In order to fight off deflation, a central banker needs to basically create inflation. This can be done by lowering rates, just as the ECB has done. But the ECB, like its counterpart in the U.S., the Federal Reserve, has a problem -- interest rates are already close to 0%. As the rate closes in at zero, the effectiveness of the ECB's power to fight deflation wanes, eventually pushing the central bank into a so-called liquidity trap.

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Yet Draghi claims that he still has an "arsenal" of weapons by which he could fight off Europe's deflationary demons. One is to copy the Federal Reserve's "quantitative easing" program and begin buying bonds and replacing them with cash. Another arrow in his quiver would be to lower the rate at which banks can park their reserves with the ECB below the current rate of zero. By making the deposit rate a negative number, the ECB would essentially be charging banks money to park their reserves in its vault. The hope is that this would encourage them to take their money out of the ECB and lend it to businesses and consumers.

In the end there is only so much the ECB can do here. Economies can't be healed through monetary policy, they can only be maintained. Banks need to lend, and people and businesses need to invest, or else the whole system will eventually collapse in on itself.

To get things going, some economists believe there needs to be more fiscal stimulus (increased government spending on the national level), but many European countries, like Greece and Portugal, continue to cut spending, ironically at the direction of the ECB. France is bucking the trend and continuing to spend like mad.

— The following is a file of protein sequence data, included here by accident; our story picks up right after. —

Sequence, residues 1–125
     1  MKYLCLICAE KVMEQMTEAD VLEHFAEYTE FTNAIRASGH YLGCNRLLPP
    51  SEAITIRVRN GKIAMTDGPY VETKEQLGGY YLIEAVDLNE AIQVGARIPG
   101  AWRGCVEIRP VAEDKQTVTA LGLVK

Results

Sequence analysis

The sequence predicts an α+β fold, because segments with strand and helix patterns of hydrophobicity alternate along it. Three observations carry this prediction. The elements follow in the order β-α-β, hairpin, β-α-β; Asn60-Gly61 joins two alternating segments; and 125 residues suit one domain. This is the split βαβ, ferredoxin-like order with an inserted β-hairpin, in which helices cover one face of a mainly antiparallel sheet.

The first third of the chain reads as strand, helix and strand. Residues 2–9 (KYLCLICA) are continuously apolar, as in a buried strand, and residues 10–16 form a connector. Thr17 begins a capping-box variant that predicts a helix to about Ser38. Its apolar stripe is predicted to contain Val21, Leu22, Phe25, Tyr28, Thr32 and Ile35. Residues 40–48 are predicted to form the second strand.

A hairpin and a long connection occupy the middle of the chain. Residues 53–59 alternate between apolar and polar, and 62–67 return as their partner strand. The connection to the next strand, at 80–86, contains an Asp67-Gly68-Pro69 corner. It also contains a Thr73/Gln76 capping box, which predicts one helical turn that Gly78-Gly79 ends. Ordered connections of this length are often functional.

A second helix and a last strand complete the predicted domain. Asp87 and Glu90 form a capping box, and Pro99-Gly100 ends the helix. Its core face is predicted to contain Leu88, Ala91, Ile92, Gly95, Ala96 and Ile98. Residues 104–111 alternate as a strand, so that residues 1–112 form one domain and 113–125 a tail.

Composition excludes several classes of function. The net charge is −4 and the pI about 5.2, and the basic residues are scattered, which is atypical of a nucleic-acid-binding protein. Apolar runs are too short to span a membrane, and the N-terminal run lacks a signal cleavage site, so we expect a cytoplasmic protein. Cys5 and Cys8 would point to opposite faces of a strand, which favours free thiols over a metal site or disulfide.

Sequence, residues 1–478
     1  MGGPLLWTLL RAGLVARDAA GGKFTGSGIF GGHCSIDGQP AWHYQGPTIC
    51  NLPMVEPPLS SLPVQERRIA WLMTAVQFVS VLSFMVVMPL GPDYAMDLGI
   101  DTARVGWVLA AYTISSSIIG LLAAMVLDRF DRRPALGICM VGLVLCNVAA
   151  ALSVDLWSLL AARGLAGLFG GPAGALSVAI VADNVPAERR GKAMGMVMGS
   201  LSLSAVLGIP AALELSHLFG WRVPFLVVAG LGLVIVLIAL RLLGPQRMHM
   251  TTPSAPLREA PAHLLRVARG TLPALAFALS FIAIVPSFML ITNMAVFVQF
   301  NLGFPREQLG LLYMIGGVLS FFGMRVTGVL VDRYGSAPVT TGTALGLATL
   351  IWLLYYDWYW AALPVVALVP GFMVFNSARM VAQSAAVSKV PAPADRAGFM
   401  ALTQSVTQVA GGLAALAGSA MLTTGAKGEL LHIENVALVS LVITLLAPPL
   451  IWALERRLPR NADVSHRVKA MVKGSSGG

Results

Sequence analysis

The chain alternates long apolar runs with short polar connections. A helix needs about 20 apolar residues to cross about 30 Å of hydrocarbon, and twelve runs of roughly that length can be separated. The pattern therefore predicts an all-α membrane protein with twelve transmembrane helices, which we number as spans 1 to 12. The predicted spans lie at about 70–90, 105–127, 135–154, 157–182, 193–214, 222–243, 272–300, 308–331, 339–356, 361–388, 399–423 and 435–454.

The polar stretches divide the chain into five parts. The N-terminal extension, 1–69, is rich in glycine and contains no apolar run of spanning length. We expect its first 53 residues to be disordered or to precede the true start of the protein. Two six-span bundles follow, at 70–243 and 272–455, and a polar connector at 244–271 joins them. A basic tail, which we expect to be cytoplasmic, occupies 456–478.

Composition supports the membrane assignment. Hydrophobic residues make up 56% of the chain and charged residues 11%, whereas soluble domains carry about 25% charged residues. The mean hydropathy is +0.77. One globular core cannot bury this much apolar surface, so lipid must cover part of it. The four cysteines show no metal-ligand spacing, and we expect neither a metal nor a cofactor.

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But fiscal spending is no panacea, either. Much of the reason why business confidence in Europe is so low is because countries like France continue to run large budget deficits while also carrying massive debt loads. This increases default risk -- the true mother of economic calamities. Given this, why invest in somewhere like France, which could be sitting on an economic time bomb, when you can invest it in oil or New York City real estate?

Like it or not, Europe needs to fix its broken government at both the national and supranational levels. The eurozone's fragmented fiscal situation, where each country decides how to tax and spend, isn't going to work in the long run. The problem is Europe isn't even close to this point in its integration. It has been two years since European leaders agreed to unify the continent's banking system and create a universal deposit scheme, and it still hasn't happened. This would go a long way to inject confidence in the eurozone banking system. Beyond a banking union there is a whole host of changes necessary to get Europe back on its feet, ranging from labor reform to tax collection.

So Mario Draghi can cuts rates to zero, he can even cut them below zero, and it won't do a lick of good to cure this sick patient. Europe needs major reform and that ultimately needs to come from Brussels, not Frankfurt.